He’s paid tribute to Howlin’ Wolf and Muddy Waters, also BB, Albert and Freddie King. Then in July 2016, Joe Bonamassa turned his attention to the heart of his musical inspiration - the British Blues Explosion. We ventured south to find out more…
The tiny Fender Champ four feet away in the adjacent bathroom howls into life with a Bluesbreakers-style salvo
Commanding the stage at Plymouth Pavilions, a suited-and-booted Joe Bonamassa is firing full-bore from a Candy Apple Red ’65 Strat through four cranked vintage Fender Tweed amps. Set opener, This Train, comes from his latest studio album, Blues Of Desperation, which makes up plenty more of tonight’s song list alongside a handful of Bona-classics.
Newcomers are taking in for the first time what dedicated fans have come to crave: ’Massa-massive blues-rock grooves, soaring vocals and, of course, that immense electric guitar experience.
A couple of hours before the grandeur of the live show, we’re huddled in a small dressing room backstage, the main man in hoodie and jeans, cradling a ’59 Les Paul. It’s the guitar with which he’s become synonymous, and an especially apt choice for today’s conversation, because by the time you read this he will have turned his attentions to the latest of his live tribute projects, A Salute To The British Blues Explosion.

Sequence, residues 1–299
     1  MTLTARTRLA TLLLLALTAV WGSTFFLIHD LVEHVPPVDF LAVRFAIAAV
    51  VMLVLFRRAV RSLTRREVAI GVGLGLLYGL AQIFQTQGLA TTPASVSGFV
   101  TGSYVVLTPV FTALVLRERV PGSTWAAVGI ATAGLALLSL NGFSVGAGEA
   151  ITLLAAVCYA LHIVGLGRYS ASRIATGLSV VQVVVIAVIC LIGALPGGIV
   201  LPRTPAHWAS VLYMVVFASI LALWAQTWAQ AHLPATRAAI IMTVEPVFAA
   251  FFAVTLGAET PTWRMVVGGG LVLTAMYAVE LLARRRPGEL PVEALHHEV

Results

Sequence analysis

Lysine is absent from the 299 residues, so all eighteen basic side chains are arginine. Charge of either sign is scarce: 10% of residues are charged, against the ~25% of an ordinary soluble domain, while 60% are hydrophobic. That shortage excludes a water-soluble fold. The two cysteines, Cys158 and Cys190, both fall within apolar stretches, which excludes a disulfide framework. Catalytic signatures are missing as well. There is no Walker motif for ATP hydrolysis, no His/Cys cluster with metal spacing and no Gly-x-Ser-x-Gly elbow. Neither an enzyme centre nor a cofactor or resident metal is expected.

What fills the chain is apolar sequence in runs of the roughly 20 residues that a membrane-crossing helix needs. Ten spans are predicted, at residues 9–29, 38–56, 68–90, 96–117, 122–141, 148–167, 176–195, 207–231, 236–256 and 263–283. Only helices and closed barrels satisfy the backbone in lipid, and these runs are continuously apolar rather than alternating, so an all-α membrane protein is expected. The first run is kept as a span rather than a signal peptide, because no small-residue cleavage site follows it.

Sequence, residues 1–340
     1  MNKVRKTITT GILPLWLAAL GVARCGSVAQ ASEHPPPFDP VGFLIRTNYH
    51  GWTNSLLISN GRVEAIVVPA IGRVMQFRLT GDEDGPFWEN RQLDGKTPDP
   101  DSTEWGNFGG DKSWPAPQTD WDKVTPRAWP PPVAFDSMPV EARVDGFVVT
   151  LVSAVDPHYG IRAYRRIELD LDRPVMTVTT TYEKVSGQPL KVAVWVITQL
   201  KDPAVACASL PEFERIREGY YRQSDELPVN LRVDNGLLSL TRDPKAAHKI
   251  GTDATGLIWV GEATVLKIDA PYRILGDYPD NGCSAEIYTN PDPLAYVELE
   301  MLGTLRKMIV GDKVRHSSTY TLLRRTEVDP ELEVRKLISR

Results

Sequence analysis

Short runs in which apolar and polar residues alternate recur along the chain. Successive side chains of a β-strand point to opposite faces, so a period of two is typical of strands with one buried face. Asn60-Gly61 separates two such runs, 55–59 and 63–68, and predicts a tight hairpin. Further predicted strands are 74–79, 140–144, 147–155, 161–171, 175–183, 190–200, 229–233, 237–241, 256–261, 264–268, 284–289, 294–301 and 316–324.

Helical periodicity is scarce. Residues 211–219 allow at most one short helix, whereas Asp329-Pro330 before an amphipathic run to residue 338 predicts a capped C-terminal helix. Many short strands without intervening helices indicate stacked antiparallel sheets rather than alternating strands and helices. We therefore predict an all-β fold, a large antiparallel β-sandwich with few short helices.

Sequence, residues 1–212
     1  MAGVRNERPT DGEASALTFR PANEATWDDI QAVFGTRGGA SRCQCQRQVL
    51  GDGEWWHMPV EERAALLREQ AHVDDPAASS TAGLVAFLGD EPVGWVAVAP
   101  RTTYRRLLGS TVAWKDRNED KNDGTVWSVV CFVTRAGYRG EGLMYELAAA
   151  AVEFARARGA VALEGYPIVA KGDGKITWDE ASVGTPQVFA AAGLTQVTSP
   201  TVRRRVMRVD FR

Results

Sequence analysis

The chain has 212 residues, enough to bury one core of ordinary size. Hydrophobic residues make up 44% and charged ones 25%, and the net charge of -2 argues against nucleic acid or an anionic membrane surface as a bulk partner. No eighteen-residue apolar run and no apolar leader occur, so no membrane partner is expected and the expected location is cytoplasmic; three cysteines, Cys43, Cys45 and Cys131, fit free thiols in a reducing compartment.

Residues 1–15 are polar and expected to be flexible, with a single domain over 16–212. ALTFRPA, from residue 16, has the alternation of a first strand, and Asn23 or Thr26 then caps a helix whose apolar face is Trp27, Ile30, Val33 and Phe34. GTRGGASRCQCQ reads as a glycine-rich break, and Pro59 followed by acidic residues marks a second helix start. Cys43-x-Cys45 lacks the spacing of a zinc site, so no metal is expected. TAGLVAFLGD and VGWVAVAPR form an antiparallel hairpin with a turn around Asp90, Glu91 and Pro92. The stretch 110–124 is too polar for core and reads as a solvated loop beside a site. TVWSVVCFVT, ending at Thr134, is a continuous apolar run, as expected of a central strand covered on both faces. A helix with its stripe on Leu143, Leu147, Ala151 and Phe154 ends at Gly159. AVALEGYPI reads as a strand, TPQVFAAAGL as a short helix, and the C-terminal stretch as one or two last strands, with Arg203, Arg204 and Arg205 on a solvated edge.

“It’s gonna be challenging,” he laughs, thumbing licks unconsciously on the Lester. “This will be the hardest one, and I think it’ll probably be the last - save the hardest and hopefully the best for last!”
The tiny Fender Champ four feet away in the adjacent bathroom howls into life with a Bluesbreakers-style salvo as your correspondent fails to suppress a giant grin. This is clearly musical home turf for the boy from New Hartford.
This is just a tribute...